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5.2 Controlling a TM1637 4 Digit 7 segment display with Arduino

· 5. KEYPADS AND DISPLAYS

In this tutorial, you will learn how you can control TM1637 4-digit 7-segment displays with Arduino. This display is perfect for displaying sensor data.

In this tutorial, you will learn how to display numbers and text on the display. You will learn to use two methods for displaying them.

Materials you will need

Component Number
Arduino Uno Rev3 1x
Jumper Wires 6x
Breadboard 400 points 1x
TM1637 4-digit 7-segment display 1x

TM163 Display

Most displays require a lot of connection pins. That is quite complex and does not leave much space for other sensors or modules to connect with the Arduino Board. The TM1637 display module only uses four pins. Two pins are required for the power connections and the other two are used to control the display.

A 7-segment display contains individually addressable LEDs. The segments are labeled from A to G. To be able to set the LEDs you should know which segment corresponds to which letter. The image shows how the display segments are labeled.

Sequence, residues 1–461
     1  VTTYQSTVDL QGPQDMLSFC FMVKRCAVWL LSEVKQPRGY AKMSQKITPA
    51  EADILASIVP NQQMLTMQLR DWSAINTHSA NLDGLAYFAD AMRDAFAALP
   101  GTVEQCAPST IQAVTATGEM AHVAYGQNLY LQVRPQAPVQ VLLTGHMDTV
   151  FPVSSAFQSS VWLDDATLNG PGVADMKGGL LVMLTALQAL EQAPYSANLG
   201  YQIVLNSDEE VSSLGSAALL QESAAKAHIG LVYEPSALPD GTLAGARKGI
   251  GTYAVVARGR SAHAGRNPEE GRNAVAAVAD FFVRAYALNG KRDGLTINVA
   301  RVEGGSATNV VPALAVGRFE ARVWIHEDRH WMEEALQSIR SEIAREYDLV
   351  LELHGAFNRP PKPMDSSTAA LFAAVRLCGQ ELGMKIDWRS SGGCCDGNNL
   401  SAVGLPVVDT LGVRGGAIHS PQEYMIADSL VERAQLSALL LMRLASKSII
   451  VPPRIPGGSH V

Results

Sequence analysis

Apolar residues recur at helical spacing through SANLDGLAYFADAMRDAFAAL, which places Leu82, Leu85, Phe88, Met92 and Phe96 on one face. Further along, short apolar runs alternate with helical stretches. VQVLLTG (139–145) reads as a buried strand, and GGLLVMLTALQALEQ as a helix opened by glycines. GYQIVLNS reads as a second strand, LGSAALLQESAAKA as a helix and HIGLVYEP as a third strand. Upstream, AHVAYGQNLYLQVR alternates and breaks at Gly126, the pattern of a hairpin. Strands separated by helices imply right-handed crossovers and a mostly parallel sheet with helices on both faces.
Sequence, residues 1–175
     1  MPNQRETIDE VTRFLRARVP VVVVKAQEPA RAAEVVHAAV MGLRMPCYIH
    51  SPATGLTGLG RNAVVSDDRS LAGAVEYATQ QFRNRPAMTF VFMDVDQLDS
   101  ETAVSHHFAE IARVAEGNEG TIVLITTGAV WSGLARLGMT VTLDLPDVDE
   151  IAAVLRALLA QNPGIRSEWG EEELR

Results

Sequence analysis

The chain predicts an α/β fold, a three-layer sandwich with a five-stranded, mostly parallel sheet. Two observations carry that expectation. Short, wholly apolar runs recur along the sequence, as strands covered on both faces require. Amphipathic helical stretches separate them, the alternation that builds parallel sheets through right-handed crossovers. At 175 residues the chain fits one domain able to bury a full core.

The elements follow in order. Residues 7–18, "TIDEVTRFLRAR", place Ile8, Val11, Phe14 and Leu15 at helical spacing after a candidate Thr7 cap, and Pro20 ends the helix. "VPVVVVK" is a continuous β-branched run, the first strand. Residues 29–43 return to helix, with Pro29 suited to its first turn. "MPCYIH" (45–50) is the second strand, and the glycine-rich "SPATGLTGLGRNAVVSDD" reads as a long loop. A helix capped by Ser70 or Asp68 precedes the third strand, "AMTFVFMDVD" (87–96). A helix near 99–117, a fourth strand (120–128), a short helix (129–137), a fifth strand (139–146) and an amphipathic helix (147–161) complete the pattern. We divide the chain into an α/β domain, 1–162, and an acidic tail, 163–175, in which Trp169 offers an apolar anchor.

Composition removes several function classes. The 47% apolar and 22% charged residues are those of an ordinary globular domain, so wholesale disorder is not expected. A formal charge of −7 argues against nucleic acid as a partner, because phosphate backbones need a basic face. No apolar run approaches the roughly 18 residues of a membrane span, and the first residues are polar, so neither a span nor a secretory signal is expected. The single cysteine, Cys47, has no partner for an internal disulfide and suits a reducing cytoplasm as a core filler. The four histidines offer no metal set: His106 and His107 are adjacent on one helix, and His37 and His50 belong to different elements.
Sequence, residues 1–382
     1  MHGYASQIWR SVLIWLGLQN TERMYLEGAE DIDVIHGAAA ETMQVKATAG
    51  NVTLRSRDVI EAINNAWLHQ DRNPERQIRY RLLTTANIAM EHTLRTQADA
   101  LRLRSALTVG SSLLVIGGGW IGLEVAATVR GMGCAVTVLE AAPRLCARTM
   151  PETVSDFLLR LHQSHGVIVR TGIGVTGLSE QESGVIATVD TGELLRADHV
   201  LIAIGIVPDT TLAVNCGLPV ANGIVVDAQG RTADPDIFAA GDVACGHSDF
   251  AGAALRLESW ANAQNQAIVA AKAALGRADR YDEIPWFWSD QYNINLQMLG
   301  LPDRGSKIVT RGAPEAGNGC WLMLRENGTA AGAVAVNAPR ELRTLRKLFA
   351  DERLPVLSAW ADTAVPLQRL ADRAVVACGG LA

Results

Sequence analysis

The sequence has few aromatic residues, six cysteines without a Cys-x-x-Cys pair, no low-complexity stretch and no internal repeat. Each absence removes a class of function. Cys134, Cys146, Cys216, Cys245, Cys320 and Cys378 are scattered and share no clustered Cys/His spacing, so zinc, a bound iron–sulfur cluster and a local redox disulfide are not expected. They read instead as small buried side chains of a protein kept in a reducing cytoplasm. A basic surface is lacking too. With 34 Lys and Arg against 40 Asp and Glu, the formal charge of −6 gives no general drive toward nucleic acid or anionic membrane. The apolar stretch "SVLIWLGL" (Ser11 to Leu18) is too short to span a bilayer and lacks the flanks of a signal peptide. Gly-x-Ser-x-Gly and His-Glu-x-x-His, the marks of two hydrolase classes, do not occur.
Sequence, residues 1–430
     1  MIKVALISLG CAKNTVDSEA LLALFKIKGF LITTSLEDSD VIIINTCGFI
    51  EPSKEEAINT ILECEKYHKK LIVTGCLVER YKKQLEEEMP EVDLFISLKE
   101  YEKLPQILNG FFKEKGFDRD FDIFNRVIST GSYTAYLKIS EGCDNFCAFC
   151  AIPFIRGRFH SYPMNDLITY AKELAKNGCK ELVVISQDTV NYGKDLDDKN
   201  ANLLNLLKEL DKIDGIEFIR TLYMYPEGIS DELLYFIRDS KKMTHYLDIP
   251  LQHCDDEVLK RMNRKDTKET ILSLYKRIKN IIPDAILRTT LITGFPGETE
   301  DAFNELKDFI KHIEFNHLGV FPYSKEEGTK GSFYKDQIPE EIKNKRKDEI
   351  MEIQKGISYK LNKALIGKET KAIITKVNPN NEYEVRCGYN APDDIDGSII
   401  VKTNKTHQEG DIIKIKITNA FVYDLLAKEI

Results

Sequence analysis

TM1637-Display

TM1637-LED-Display-Module-For-Arduino

TM1637 4-Digit 7-Segment Display Specifications

FeatureSpecification
Operating voltage3.3V – 5.5V
Operating Current80 mA
Operating Temperature-10ºC to +80ºC
Alpha-numeric digits4
Luminance levels8

BreadBoard Layout

TM1637 Display Connections

TM1637 4-Digit DisplayArduino Board
VCC5V
GNDGND
Clock Pin2
Data Pin3

The Code

// Code to control a TM1637 diplay. 
// Firstly, it will display the text PLAY. 
// Secondly, a countdown starts.